Somewhere out there in an alternate universe, our counterpart JRPG fans are enjoying a history where the original vision for Lufia III became a reality, and it rocked an outstanding soundtrack. On this plane of existence, though, the cult franchise grounded itself out after two stunning games and never quite gained the lasting status of other B-tier RPG franchises like Breath of Fire or Suikoden.
In the late 90s, developer Neverland and publisher Nihon-Flex did have plans to wrap up the overarching plot in a game for the PlayStation called Estpolis 3: Ruins Chaser, Lufia’s Japanese title. Both companies went so far as to tap Neverland’s in-house composer Yukio Nakajima to create a single track for the game’s soundtrack, and it used this track to show off Estpolis 3 at Tokyo Game Show 1998.
Unfortunately, Nihon-Flex filed for bankruptcy later that same year, and the original vision for Lufia 3: Ruins Chaser never came to be. It was reborn a few years later as a Game Boy Color game called Lufia: The Legend Returns and on a much smaller scale than what the team originally had in mind. It was hardly the fitting conclusion to Lufia’s massive storyline that both the fans and writers were hoping for.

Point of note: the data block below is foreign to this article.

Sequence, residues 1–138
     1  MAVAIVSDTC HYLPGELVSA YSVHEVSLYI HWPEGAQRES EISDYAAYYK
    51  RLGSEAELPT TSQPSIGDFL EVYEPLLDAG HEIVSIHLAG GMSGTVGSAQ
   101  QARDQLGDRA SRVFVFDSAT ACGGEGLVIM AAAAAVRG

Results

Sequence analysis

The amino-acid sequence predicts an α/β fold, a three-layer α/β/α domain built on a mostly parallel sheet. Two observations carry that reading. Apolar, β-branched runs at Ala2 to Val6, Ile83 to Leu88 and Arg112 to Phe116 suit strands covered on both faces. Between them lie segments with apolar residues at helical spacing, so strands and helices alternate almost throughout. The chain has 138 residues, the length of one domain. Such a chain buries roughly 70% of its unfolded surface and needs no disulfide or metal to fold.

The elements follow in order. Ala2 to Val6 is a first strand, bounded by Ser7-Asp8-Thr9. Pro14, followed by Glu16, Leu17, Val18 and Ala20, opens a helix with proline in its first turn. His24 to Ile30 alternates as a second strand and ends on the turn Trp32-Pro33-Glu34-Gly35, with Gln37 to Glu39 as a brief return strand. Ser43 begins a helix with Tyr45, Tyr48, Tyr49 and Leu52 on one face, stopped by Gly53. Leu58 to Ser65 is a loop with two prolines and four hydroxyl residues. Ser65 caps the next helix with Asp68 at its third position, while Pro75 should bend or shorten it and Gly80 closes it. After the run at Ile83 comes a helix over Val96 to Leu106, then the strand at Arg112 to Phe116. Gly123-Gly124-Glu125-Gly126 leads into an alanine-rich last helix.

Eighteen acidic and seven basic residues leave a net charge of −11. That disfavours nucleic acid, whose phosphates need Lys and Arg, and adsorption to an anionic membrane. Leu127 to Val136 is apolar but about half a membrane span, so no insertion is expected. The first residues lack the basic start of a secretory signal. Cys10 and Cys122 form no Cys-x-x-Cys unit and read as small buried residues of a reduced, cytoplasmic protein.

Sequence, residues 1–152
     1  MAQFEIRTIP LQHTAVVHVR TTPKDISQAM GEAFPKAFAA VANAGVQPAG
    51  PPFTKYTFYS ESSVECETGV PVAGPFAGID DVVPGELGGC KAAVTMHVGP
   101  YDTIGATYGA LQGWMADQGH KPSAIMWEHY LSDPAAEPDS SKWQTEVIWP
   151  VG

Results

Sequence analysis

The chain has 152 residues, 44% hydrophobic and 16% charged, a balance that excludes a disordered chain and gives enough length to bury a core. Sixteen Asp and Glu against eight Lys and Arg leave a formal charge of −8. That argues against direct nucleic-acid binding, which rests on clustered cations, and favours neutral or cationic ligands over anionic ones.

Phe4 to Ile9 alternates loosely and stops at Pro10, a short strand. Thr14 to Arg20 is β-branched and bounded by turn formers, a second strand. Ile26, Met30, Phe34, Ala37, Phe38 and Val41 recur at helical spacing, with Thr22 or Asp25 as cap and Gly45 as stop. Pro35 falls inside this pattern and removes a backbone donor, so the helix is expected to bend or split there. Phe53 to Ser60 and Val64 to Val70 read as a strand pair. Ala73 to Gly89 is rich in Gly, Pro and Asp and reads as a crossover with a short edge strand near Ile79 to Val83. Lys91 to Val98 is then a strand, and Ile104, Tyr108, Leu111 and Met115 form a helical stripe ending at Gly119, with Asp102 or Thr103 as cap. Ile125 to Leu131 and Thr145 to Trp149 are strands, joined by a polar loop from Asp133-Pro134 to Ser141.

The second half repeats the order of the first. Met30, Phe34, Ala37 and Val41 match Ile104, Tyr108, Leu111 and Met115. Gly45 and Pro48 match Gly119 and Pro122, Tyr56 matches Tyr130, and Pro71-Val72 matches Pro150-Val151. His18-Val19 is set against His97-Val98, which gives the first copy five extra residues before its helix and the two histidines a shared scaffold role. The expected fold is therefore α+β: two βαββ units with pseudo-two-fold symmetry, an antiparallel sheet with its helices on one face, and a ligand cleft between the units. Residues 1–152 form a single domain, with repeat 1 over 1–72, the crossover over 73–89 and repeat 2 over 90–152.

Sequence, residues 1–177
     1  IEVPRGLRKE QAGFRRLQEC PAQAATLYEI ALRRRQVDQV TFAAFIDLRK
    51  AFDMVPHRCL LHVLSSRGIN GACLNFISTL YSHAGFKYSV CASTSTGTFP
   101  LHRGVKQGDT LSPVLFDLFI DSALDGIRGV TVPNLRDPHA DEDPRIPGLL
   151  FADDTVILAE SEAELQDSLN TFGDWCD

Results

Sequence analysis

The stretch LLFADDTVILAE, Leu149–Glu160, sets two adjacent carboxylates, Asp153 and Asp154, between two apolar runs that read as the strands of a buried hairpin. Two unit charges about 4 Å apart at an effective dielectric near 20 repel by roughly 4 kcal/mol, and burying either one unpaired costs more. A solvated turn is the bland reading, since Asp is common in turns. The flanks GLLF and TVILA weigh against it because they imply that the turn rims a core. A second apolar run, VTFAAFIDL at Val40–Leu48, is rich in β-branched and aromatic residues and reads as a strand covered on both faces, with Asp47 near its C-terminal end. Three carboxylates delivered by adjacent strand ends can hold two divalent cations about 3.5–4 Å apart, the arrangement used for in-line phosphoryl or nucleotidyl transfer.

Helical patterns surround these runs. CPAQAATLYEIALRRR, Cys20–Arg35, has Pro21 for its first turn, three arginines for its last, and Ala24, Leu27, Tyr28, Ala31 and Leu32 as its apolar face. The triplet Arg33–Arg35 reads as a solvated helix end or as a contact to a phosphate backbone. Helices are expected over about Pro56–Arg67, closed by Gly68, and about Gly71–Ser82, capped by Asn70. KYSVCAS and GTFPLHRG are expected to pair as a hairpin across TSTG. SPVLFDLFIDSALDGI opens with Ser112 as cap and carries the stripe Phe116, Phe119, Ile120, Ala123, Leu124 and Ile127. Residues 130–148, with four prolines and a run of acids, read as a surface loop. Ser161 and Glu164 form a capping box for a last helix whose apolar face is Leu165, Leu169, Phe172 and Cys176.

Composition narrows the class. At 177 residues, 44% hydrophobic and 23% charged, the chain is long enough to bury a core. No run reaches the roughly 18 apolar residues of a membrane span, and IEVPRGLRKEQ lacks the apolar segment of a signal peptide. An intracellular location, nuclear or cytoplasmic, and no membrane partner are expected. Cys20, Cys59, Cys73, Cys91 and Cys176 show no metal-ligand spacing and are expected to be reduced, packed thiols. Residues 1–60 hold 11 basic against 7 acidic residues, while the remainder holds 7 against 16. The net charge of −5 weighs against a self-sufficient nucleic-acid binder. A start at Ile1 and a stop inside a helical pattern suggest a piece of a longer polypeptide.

A few scraps of concept art are all that remains of Lufia 3, but far and away, the best existing remnant is Nakajima’s Tokyo Game Show track, which he donated to fan sites shortly after cancellation. It’s been in circulation on the Internet for over 15 years now, but I only stumbled upon it a year or so ago. It has been a mainstay in my video game playlist ever since.
The biggest shame about this whole affair is that this incredible track never has and never will turn up in a video game. It comes off as a perfect mid-90s Japanese gaming theme that strikes images of Chrono Trigger, Gradius, and, yes, Lufia. Don’t worry about piracy either, because this track has long been available for public use.
Our story today doesn’t close out with a horribly sad ending, though. Despite his piece never making it into a game, Nakajima remained with Neverland for many years after the cancellation. His name pops up in the credits for several other Neverland favorite hits like the Rune Factory games and most noticeably Lufia II’s ill-advised remake, Lufia: Curse of the Sinistrals.
For as much flak as that remake gets, the soundtrack is definitely one of its high points.
When Neverland went bankrupt in 2013, Marvelous AQL snagged up the Ruin Factory franchise and its development team, securing at least a piece of Neverland’s legacy within its halls. We haven’t heard a peep from the Lufia franchise since the closure, but it could be possible it got gobbled up in that transfer. I find it hard to believe that it’s only been five years since we got an actual Lufia game. Seems like longer.
As for Nakajima, he is still developing soundtracks on Japan’s booming free-to-play market, and he has an active Twitter account that he tends to frequently. Plenty of pictures of cats and meat, by the way. From what we can tell from this Lufia 3 track, his style sounds like he would do well working on the likes of Nihon Falcom games like Ys and The Legend of Heroes, but as long as he is employed somewhere in the gaming universe, that makes us all the happier.